Theses Doctoral

Synthetic Explorations and Expeditions in the Resveratrol Class

Wright, Nathan Edward

Research interest in resveratrol, a structurally simple plant metabolite, has increased exponentially in the last two decades. Since its isolation from red wine it has been hypothesized that this structure may account for the so-called "French Paradox," the notion that despite a diet high in cholesterol one can enjoy a relatively healthy lifestyle through moderate red wine consumption. The biological implications of these claims are presented. Concurrently isolated along with resveratrol are hundreds of oligomeric natural products with structures varying in both size and complexity. The discovery, biosynthesis, and previous synthetic studies towards these natural products will be presented to frame the landscape of the field and its current limitations. Heimiol A and hopeahainol D are oxidized, resveratrol dimers characterized by their [3.2.2] bicyclic framework with a bridging ether. The total synthesis of these epimeric natural products was accomplished by the development of a halolactonization/Friedel-Crafts cascade to construct the bicyclic core. Subsequently, a steric bias inherent in the molecule was doubly exploited to synthesize both targets with complete selectivity. During the course of these studies, a number of unexpected results were observed which have led, or may potentially lead, to alternate courses of investigation. These results and their potential impact are also presented. Well-established in the synthetic community are the challenges associated with medium-sized ring construction. Of particularly rarity are solutions addressing all carbon 9-membered rings. Seeing this motif present in a subclass of resveratrol oligomers, we sought to investigate this challenging substructure. Our efforts to achieve this end are detailed with the successful development of two unique methods to construct the requisite 9-membered ring core. One succeeded in the first ever reported 9-exo-dig cyclization while the other enabled the robust total synthesis of caraphenol A. [1.1.1]-orthocyclophanes have received considerable attention of late due to their numerous applications in the field of supramolecular chemistry. Owing to their rigid, bowl shape, these scaffolds are capable of engaging in numerous guest-host complexes. The previous syntheses of [1.1.1]-orthocyclophanes as well as a survey of their applications are presented. In the course of our synthetic studies toward caraphenol A, we accomplished the synthesis of a unique [1.1.1]-orthocyclophane as well as the successful oxidation to its corresponding triketone. These results are presented noting that despite many efforts, no other [1.1.1]-orthocyclophane triketone has ever been successfully synthesized with our work constituting the first such report.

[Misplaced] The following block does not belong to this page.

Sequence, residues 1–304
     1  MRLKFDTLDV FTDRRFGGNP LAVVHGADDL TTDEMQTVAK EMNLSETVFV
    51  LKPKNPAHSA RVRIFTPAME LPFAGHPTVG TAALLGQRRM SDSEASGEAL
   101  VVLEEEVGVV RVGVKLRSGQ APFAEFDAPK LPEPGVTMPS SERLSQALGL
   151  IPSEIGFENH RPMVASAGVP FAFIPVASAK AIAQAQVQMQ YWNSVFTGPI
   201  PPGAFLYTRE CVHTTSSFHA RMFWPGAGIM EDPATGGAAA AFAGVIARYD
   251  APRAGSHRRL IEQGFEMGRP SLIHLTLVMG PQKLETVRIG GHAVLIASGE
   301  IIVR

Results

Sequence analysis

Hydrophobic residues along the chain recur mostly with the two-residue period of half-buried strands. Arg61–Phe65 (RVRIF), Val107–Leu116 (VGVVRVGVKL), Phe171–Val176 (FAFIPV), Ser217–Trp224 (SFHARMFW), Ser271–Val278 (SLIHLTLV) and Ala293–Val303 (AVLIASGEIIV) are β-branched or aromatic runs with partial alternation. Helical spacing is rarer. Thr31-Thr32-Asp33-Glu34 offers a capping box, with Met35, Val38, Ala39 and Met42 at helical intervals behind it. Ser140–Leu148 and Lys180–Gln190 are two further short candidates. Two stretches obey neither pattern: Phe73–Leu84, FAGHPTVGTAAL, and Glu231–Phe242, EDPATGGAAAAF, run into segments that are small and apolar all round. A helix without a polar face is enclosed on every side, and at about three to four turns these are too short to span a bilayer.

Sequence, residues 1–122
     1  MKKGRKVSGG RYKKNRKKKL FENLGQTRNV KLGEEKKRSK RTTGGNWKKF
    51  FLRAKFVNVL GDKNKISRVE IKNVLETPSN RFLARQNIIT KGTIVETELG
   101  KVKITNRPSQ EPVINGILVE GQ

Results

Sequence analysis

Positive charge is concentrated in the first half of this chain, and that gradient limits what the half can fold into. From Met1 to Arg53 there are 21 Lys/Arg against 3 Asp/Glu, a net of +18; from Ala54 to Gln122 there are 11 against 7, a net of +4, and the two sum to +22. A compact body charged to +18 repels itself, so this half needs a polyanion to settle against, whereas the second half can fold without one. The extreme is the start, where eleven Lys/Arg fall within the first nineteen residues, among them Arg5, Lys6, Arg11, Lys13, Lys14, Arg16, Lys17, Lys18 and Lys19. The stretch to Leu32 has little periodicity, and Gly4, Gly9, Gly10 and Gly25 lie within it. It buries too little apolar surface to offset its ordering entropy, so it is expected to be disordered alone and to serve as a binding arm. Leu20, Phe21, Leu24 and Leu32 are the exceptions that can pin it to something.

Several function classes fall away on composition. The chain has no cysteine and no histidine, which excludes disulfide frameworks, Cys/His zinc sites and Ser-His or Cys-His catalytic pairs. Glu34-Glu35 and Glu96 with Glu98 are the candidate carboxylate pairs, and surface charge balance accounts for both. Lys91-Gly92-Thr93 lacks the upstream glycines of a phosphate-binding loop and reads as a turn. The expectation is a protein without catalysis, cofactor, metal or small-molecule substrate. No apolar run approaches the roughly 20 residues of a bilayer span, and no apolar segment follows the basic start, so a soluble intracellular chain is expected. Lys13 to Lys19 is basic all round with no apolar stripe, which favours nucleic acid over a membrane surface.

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More About This Work

Academic Units
Thesis Advisors
Snyder, Scott A.
Ph.D., Columbia University
Published Here
April 9, 2014